North Salem Teachers Association implores district to help address attendance problems

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The North Salem Teachers Association is urging North Salem Central School District administrators and the Board of Education to address persistent attendance issues at the Middle School/High School. Jim Savarese, president of the NSTA, delivered a prepared statement from union members during public comment at last Wednesday evening’s Board of Education meeting.

“Over the last few years we’ve had innumerable discussions with various administrators–and amongst ourselves–attempting to more consistently enforce our District’s attendance policy,” Savarese began. “Specifically, the focus has been making sure students are held accountable when they have unexcused absences and/or are consistently late to classes. We were encouraged to hear that a feature of our attendance system this year was that the system would automatically generate an email and a text message at 4:00 pm each day to the families of students who were marked absent or tardy unexcused in the system. Despite early promise, it seems that the impact has been fleeting.”

The Association’s statement acknowledged the role that teachers play in enforcing attendance policies, but said, “despite our efforts and the countless hours that [Assistant Principal] Dr. Murphy dedicates to this aspect of her job, there seems to be an unacceptably low level of accountability for attendance.”

In an email sent to MSHS faculty on November 9, Dr. Murphy shared that in a typical 5-day week, between 20 - 25 students are marked “absent no reason” for periods 1 and 2.


No. of students marked “Absent No Reason” (avg. 5-day week):

  • Homeroom: 200
  • Period 1: 20-25
  • Period 2: 20-22
  • Periods 3 through 9: 10-15

Data courtesy of North Salem Teachers Association


“Higher numbers in Period 1 and 2 likely account for consistent late arrivals to school,” Savarese said. At the Middle /High School, period 1 runs from 7:28 a.m. to 8:08 a.m., followed by homeroom (8:13-8:18 a.m.). Period 2 runs from 8:22-9:02 a.m.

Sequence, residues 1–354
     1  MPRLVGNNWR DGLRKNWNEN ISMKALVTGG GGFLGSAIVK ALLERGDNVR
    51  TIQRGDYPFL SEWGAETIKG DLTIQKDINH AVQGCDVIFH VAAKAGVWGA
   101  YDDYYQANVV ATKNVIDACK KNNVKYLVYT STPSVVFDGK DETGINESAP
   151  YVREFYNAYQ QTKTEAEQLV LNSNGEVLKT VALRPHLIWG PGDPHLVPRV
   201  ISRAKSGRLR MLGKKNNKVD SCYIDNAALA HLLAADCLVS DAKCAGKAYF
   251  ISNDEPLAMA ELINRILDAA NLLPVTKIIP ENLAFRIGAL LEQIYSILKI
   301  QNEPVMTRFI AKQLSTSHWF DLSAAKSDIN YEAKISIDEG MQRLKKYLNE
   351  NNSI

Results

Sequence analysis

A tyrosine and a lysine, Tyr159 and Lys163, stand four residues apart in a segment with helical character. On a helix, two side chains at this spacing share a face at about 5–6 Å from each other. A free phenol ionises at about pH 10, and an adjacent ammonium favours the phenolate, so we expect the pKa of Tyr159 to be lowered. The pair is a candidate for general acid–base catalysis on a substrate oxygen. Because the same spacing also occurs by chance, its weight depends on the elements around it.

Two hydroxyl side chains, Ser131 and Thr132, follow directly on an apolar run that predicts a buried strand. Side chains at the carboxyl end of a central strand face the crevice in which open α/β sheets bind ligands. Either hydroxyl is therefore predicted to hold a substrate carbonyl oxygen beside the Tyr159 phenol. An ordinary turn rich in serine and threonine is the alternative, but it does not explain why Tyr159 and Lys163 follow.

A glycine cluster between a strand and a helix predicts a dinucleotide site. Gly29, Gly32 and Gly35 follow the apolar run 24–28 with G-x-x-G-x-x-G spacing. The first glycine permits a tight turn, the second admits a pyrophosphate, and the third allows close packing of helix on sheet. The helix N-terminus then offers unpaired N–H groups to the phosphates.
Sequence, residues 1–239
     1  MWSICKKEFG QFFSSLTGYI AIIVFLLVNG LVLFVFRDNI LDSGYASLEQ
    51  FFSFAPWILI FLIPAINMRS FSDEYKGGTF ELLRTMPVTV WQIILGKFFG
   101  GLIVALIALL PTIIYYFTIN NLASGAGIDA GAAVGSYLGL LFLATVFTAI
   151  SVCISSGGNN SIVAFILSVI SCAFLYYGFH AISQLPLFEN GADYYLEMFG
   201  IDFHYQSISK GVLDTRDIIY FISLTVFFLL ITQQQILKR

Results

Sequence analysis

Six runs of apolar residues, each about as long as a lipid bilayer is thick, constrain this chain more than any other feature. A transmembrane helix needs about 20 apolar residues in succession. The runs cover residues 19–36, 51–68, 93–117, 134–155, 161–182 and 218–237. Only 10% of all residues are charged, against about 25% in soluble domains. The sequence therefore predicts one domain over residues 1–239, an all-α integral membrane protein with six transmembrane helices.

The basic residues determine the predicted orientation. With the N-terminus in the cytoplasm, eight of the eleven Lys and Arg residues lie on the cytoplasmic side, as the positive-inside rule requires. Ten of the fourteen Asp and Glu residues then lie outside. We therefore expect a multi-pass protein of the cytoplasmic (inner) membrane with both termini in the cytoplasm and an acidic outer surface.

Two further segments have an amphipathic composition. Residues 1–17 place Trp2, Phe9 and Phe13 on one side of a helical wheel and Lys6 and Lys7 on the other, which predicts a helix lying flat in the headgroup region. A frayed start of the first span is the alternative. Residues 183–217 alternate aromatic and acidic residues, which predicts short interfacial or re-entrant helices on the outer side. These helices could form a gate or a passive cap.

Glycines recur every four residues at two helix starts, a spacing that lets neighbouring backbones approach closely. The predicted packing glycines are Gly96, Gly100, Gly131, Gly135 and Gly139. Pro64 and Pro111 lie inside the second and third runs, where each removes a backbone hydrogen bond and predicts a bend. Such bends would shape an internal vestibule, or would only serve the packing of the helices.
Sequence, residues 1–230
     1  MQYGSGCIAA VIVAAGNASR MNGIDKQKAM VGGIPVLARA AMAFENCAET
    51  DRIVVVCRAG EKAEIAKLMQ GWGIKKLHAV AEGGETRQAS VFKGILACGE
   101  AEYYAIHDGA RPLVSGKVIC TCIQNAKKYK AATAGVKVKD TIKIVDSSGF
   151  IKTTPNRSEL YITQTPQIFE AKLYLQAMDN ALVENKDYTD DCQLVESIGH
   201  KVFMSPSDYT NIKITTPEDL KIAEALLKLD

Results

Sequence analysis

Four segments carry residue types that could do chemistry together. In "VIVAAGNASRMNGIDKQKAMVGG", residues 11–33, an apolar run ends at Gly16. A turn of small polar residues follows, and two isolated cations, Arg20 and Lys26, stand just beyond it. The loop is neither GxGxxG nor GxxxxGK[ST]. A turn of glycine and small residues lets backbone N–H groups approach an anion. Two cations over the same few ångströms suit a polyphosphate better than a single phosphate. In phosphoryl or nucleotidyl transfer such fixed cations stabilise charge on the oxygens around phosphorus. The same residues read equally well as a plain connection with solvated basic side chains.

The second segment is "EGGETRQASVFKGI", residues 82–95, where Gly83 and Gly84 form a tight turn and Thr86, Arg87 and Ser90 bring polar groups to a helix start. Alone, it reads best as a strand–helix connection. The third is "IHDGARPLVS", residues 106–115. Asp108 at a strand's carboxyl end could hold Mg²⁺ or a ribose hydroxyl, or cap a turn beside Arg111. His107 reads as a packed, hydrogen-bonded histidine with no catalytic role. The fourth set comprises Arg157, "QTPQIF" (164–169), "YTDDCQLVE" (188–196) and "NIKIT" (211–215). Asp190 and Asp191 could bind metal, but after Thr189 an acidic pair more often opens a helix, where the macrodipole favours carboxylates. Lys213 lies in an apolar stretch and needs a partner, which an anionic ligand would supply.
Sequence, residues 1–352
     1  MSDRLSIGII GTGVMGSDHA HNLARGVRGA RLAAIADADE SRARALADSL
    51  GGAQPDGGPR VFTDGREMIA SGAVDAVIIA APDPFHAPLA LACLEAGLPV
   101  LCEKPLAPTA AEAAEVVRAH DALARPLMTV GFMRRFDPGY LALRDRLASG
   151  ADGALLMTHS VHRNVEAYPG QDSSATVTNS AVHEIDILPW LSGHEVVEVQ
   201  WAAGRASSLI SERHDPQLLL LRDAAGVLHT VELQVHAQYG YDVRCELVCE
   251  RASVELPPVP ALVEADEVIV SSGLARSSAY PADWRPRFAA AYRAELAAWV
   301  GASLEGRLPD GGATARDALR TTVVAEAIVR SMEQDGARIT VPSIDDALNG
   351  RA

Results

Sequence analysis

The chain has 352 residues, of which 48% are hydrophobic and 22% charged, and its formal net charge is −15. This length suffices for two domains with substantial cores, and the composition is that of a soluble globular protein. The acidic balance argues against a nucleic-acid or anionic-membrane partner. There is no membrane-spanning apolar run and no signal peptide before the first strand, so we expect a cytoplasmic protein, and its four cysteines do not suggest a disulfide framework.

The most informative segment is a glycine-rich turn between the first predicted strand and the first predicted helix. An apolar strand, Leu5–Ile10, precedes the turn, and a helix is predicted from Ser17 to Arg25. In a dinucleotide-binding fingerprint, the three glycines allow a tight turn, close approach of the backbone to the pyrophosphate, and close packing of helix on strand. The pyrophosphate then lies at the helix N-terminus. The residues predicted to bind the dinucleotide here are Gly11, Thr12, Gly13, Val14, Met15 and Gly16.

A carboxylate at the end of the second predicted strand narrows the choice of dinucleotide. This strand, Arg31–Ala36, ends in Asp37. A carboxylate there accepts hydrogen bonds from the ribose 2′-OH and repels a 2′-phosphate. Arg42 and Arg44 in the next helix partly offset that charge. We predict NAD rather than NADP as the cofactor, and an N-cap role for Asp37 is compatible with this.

Research by North Carolina State University found that earlier high school start times can have significant adverse consequences for students, including increased rates of tardiness and absenteeism. The North Salem Central School District had previously formed a committee to consider a later start time for the Middle/High School but the results of that work have not yet been shared with the community.

The problem of absenteeism isn’t limited to North Salem. Chalkbeat, a nonprofit news organization that covers education, reported in October “alarms are going off nationwide about absenteeism.” The pandemic was a major driver of increased rates of absenteeism, with some school districts in major metro areas reporting that up to half of their students were considered chronically absent (missing 10% or more of the school year) in the past year. Nationally, Chalkbeat reported that “1 in 5 students was chronically absent during the first full pandemic school year.”

“The impact of inconsistent attendance on academic success is profound,” Savarese told the Board of Ed last week. “Our community expects and deserves–and we strive to provide–the best possible education to the students of North Salem. But no amount of extra help can make up for the staggering amount of missed class time that we’re seeing.”

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